The idea of anonymous letters came from a real experience; during his senior year in high school, Chbosky wrote an anonymous letter to Stewart Stern about how Rebel Without a Cause had influenced him. A year and a half later, Stern found Chbosky and became his mentor. By using a series of letters from Charlie to an anonymous character, Chbosky found "the most intimate way" to talk directly to the reader. He thought the letters would help him keep the story cohesive, "to convey the highs and lows of being young—one day, you're on top of the world and you’ve had the greatest of times".
Critics have identified primary themes of teenage reality and (for adults) nostalgia. According to David Edelstein of the New York Magazine, Chbosky captures the "feeling [that] you belong when among friends, yet you'd soon be alone" and notes that "the pain of loss ... [is] almost as intense as the bliss ... it's nostalgia with an emphasis on nostos, pain [sic]." Word Riot 's Marty Beckerman said that The Perks of Being a Wallflower connects with young people because its scenes are "so universal and happen to so many teenagers." Chbosky wanted to convey respect for teenagers, to "validate and respect and celebrate what [teenagers] are going through every day", and said that the novel is for "anyone who's felt like an outcast."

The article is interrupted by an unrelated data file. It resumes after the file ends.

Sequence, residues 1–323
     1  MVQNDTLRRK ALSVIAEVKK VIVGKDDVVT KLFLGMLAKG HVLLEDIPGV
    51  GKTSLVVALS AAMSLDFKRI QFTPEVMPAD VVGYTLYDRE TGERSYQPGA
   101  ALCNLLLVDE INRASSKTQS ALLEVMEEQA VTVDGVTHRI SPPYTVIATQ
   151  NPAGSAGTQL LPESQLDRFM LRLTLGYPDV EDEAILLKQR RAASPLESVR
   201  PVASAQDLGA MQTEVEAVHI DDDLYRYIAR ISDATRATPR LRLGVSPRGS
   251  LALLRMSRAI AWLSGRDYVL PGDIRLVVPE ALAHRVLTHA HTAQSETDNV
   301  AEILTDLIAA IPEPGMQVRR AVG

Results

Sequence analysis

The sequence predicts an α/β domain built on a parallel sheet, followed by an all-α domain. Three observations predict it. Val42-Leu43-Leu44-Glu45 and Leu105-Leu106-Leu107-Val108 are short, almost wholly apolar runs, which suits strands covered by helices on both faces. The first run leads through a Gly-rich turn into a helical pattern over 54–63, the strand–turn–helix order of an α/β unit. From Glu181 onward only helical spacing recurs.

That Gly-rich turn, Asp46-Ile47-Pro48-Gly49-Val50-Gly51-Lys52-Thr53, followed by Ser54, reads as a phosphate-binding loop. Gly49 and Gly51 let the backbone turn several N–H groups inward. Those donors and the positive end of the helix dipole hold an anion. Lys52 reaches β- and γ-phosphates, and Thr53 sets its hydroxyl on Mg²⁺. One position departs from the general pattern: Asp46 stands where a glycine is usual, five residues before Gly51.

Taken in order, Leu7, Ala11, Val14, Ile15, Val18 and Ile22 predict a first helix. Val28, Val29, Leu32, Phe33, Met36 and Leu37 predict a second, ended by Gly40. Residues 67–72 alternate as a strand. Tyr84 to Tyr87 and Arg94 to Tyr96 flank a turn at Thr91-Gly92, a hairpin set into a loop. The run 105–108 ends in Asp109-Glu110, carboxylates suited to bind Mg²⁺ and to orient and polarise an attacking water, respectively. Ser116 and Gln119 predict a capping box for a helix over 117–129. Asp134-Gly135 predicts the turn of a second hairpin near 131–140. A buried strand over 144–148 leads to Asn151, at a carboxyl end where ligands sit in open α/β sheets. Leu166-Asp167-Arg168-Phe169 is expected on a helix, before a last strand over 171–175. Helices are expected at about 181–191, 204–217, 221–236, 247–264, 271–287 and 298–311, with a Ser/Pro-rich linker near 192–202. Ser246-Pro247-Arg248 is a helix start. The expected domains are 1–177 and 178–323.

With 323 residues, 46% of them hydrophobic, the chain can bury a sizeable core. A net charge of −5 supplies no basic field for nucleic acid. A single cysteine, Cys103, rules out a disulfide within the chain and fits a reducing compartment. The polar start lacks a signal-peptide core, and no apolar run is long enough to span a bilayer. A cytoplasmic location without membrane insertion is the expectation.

Although it is also read by adults, The Perks of Being a Wallflower is targeted at a teenaged audience. The book addresses a range of themes (including sex and drugs) dispassionately. Other themes include friendship, body image, first love, suicide, eating disorders and sexuality. Chbosky appreciates the importance of entertainment in adolescence: "Books, songs, and movies are more than entertainment when we're young. They help all of us discover who we are, what we believe, and what we hope our life can be." As such, there are several cultural references: musical (The Smiths and Fleetwood Mac), literary (This Side of Paradise, On the Road, To Kill a Mockingbird) and theatrical (The Rocky Horror Picture Show).